The readers of the Voz de Galicia were asked whether, in voting in the upcoming elections, they’d pay more attention to the exhortations of the Catholic archbishops [Don’t vote for the Socialist pagans] than to those of the Clintonesqe array of artists assembled by the government [Vote for our lovely friend Mr Zapatero and his colleagues]. Those who could be bothered to vote on-line registered 45% in favour of the prelates but 55% in favour of the luvvies. This is astonishing. In how many other countries would there be such respect for the views of religious luminaries?
I often commend the serious Spanish press for its refusal to dumb down and sensationalise to anything like the extent of its British brethren. But, truth to tell, ahead of elections the papers are not so much heavy as suffocating - possibly because they’re effectively mouthpieces for the various parties. The result is pages after page of political pap and a shortage of real news. So, until mid March, this blog will feature even more trivia than usual. Especially as I have a self-imposed ban on commenting on the worsening economic picture. This, for example, prevents me from reporting that the government’s forecast for 2008 growth has reduced yet again, to just below 3%. Which is still high, of course.
So . . .
Virtually every afternoon I get a call from some telemarketer or other asking if they can talk to the ‘woman of the house’. I’ve tried a variety of responses over the years but may now have hit on the best – She just died this morning. Which tends to bring the patter to a quick halt.
If the question What on earth is the point of salad? Appeals to you, try this. There’s even a tenuous [and tendentious] Spanish connection . . . Salad leaves drenched in chlorine, imported from the hideous poly-tunnel cities of southern Spain, where migrant African workers survive virtually enslaved . .
Galicians are very proud of their primary produce – their fish, shellfish, meat and vegetables. Frankly, this is a lot more justifiable than their belief Galician cuisine is one of the great wonders of the world. [A common Spanish regional attitude, I’m told]. For me, our local cooking is bland and low in sauces. So I was pleased to see in my local supermarket an array of cooked meats that had been ‘spiced up’ in one way or another. And - clearly lacking any local appeal - they were being sold off at 50 centimos each. I put this down to the culinary conservatism of the populace and bought 5 or 6 packs. But, having now eaten all of them, I tend towards the alternative explanation that everyone but me knew they’d all taste exactly the same as your basic pre-packed York ham. Que decepción. Or, in Gallego, Que decepción. I think.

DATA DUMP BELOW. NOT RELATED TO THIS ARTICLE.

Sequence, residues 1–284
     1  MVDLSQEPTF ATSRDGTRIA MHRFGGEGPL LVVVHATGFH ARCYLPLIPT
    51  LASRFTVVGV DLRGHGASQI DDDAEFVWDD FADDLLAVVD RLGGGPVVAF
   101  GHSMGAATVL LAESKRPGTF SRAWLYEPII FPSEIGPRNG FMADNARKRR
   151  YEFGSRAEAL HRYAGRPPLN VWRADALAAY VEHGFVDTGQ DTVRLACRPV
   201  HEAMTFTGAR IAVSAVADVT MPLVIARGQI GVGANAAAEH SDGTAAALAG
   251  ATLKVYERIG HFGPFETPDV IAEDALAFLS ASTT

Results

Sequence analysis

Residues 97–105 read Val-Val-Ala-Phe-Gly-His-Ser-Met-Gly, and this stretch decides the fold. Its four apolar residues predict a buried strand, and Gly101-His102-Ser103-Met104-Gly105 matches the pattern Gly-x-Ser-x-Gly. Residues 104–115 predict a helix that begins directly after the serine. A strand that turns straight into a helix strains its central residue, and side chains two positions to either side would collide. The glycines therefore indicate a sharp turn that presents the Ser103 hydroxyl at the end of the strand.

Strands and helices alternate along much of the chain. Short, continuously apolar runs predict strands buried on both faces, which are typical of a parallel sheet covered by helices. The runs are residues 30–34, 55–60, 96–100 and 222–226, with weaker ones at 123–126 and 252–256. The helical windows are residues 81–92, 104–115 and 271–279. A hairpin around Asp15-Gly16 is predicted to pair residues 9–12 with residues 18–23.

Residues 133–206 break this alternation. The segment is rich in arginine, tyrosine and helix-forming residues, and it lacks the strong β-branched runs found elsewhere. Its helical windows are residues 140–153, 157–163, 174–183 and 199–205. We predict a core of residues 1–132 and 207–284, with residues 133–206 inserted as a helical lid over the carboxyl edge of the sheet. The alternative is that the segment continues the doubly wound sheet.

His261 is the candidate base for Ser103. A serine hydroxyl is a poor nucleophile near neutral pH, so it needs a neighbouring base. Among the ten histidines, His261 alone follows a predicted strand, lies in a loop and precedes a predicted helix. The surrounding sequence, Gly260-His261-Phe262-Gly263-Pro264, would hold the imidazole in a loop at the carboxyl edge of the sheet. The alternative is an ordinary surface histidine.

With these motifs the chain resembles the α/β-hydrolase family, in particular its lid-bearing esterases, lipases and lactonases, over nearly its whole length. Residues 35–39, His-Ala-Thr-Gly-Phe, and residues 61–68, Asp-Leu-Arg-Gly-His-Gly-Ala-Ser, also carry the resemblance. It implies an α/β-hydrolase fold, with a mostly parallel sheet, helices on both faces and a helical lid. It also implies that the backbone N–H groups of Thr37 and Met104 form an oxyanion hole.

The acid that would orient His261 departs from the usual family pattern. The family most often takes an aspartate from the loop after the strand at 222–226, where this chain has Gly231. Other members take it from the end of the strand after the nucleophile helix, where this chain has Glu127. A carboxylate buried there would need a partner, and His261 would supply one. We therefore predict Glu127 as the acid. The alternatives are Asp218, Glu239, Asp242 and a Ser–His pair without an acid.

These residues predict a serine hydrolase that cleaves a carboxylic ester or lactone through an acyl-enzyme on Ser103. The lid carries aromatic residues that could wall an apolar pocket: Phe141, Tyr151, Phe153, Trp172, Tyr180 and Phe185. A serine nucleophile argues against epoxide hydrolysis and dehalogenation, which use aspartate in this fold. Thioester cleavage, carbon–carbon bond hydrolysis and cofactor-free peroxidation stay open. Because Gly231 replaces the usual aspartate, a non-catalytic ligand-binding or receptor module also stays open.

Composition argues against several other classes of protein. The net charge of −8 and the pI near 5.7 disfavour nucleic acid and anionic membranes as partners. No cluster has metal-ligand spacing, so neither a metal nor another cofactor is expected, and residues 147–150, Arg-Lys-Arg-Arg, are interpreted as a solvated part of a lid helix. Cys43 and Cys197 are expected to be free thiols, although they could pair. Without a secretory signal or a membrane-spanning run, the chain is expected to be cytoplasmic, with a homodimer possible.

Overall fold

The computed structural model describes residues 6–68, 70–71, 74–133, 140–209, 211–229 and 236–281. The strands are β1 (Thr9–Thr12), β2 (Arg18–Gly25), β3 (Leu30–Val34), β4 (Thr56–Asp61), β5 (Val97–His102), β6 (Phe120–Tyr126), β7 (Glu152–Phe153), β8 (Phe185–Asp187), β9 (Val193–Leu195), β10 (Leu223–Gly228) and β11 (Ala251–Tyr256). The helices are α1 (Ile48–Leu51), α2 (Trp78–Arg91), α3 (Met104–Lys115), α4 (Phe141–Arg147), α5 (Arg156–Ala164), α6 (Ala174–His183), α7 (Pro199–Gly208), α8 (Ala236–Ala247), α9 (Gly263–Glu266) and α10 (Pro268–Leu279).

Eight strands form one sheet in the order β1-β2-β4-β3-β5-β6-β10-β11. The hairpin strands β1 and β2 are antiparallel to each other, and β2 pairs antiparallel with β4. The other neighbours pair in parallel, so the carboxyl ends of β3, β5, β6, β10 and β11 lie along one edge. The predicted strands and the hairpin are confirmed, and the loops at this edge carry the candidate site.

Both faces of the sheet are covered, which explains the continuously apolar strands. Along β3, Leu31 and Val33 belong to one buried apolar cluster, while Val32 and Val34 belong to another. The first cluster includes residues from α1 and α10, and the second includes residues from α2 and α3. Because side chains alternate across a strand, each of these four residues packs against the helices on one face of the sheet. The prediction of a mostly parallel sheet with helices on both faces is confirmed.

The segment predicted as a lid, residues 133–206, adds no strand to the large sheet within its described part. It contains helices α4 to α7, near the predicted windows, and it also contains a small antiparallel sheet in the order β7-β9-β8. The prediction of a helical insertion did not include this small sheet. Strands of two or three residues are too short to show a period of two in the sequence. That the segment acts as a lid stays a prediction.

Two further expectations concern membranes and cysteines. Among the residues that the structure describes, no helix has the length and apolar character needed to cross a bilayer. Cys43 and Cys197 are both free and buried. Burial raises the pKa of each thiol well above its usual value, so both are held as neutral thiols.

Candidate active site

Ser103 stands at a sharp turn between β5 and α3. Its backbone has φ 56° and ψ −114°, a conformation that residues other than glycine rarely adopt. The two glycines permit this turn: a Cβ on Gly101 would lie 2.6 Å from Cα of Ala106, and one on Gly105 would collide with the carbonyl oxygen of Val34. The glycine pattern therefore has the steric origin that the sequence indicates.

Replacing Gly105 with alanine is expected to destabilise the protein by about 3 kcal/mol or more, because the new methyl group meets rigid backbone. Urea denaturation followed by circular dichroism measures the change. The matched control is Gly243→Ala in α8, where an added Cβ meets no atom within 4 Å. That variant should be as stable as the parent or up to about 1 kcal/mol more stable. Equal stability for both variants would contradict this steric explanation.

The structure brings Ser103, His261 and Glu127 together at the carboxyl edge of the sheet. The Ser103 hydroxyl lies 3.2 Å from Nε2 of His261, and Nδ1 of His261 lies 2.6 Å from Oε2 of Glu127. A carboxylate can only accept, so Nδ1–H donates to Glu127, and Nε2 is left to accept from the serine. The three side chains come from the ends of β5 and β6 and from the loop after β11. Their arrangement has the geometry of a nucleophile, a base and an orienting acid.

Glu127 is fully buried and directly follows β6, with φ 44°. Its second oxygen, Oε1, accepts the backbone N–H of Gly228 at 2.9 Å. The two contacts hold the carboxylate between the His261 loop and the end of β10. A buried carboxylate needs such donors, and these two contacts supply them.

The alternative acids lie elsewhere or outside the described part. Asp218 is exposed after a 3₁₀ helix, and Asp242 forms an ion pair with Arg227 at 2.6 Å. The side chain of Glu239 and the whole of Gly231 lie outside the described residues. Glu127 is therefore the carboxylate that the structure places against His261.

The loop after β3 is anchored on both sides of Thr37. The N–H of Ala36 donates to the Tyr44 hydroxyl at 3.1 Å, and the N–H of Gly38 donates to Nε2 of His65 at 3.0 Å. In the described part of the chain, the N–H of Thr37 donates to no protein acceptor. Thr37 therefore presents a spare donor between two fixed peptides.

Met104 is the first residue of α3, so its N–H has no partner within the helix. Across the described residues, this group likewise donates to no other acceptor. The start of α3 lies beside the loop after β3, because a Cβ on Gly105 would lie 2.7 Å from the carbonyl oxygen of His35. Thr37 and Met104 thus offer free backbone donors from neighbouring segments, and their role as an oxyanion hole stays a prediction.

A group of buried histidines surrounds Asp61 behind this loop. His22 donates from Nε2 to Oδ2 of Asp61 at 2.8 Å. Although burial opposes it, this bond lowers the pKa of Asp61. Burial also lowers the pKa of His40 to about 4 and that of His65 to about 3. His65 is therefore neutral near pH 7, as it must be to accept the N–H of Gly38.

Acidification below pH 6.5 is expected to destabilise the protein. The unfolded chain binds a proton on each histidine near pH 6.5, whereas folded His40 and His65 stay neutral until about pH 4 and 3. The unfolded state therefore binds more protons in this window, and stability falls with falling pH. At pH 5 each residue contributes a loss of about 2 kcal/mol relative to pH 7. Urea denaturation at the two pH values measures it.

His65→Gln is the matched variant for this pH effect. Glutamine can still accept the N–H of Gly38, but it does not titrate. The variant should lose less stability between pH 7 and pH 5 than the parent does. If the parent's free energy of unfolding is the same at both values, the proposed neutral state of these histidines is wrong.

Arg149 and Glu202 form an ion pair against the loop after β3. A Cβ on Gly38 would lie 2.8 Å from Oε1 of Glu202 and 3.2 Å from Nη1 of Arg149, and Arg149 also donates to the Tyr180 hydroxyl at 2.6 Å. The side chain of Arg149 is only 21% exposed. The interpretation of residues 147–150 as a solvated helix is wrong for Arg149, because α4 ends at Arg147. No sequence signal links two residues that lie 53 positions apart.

Across the river in Pontevedra, the BNG gypsy imbroglio gets worse. You’ll recall that the Nationalist mayors of Poio and Pontevedra are at each other’s necks over the issue of re-housing families displaced when some illegal houses were knocked down after years of non-action. Well, it now appears the attempts to place them in an outlying district of Pontevedra were carried out by the regional government – the Xunta – without the courtesy of informing the mayor beforehand. The regional government is a coalition of Socialists and Nationalists but the minister responsible for this issue is a Nationalist. Nice to know they all talk to each other. Or perhaps ‘shout at’ would be a better phrase. Perhaps it’s just as well there are no local or regional elections in March.
Gallego corner: Reader Jorge, who is a Cuban living in California, tells me that back on the island of his birth the word paragüero means bad driver. Why am I not surprised? I hope they don’t have a lot of roundabouts [circles] there.
I see the PP party has billboards along the side of our roads featuring its leader telling us he has As Ideas Claras. His name is spelt Rajoy. Which is a tad ironic, firstly, as Gallego has no letter Y and converts the J into X and, secondly, he is from Pontevedra. So here his name would be Raxoi. I feel like complaining but don’t know whether he’d prefer my letter to be in Spanish or Gallego. Probably both, as our local councils used to do. But not any more. I’ll leave you to guess which option they now prefer.
Finally - An update on how the voting is going among Spanish friends on the issue of how long it will be before Spain has una presidenta. The 4-year progression matches the electoral process:-
4 years – 6
8 years – 3
12 years – 6
16 years – 2
20 years – 1
There should be 19 responses but the head barman’s answer was that Hell should freeze over first as the only thing worse than the current machista society would be one dominated by women. In taking this view, he is apparently influenced by the fact he’s working his cojones off just so his first wife can take half his salary to finance a life of leisure. Or that, at least, was my conclusion from his ten-minute dissertation.